However, it was completely preset with no editing
whatsoever from the front panel, the assumption being that with
1,000 sounds to choose from, why would you ever want to create your
own? Up to a point, that's true but it would have been good to have
a few controls just for superficial control of key parameters like
attack, release, filter cutoff and resonance. But of course, that
would simply have increased cost and the Matrix 1000 was most definitely
built to a price point and at $500, it was one of the least expensive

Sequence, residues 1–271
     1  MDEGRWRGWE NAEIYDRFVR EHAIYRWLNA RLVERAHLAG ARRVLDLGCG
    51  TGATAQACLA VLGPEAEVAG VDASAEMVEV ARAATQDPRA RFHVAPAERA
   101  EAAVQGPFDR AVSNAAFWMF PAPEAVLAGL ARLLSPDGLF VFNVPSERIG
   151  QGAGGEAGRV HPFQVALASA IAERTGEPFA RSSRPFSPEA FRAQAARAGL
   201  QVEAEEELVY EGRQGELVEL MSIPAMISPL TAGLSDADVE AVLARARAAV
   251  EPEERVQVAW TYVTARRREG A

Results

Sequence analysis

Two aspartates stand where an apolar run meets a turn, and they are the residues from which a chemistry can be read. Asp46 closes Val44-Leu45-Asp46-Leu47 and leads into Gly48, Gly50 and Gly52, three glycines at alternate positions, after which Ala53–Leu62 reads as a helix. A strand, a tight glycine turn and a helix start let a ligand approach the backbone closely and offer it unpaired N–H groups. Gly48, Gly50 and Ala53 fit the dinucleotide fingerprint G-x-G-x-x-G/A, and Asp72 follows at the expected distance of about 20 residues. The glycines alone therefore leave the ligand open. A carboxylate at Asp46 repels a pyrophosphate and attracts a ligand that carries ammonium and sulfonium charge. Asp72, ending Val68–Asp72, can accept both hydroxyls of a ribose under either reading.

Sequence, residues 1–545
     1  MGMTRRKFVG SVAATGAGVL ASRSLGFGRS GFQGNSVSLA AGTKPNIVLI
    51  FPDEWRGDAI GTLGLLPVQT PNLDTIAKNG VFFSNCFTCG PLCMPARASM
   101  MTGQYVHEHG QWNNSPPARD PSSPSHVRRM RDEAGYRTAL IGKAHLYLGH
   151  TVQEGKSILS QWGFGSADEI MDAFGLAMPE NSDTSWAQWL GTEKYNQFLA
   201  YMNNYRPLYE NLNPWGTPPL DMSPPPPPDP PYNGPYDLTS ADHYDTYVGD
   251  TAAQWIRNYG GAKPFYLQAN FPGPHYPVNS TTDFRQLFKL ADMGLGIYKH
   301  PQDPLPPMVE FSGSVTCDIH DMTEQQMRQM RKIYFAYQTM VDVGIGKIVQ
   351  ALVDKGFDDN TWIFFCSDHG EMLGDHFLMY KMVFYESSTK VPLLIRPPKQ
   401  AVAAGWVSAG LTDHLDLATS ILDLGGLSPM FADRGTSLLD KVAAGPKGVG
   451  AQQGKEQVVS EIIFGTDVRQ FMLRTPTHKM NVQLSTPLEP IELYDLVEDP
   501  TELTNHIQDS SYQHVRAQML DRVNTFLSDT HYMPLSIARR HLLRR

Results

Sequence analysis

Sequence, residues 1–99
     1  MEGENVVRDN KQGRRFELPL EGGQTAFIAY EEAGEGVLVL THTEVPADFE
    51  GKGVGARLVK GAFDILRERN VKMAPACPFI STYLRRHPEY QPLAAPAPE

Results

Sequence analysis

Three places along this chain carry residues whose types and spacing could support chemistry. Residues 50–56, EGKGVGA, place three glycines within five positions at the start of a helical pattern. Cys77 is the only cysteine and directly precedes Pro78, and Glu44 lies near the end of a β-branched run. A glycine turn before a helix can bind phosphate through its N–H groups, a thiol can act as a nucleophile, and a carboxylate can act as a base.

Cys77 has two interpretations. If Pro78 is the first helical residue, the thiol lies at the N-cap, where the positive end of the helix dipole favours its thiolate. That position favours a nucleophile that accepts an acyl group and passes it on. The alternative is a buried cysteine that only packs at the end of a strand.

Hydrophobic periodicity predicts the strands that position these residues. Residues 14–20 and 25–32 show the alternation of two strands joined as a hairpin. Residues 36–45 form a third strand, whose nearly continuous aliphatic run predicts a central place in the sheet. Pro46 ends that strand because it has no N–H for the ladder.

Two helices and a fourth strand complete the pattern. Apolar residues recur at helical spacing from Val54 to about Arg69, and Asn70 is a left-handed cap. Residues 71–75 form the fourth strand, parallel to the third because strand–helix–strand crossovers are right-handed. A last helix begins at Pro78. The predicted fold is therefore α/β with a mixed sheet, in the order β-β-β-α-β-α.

analogue polysynths of all time.
Of course, to get costs down, compromises had to be made,
the most notable of which was the use of DCOs (digitally controlled
oscillators) which, with their rock solid tuning stability, arguably
lacked the 'character' of older synths that used voltage controlled
oscillators (VCOs). Also, the LFOs were also generated in software
as were the envelopes and some will argue that they don't as 'punchy'
as analogue envelope generators. However, the filters were all analogue
and sounded fabulous.
It was also possible to stack all 6-voices on top of
each other in a special unison mode and the 1000's 6-voice polyphony
could be expanded with the purchase of further units with a special
'overflow' mode that allowed them to be used as one big polysynth.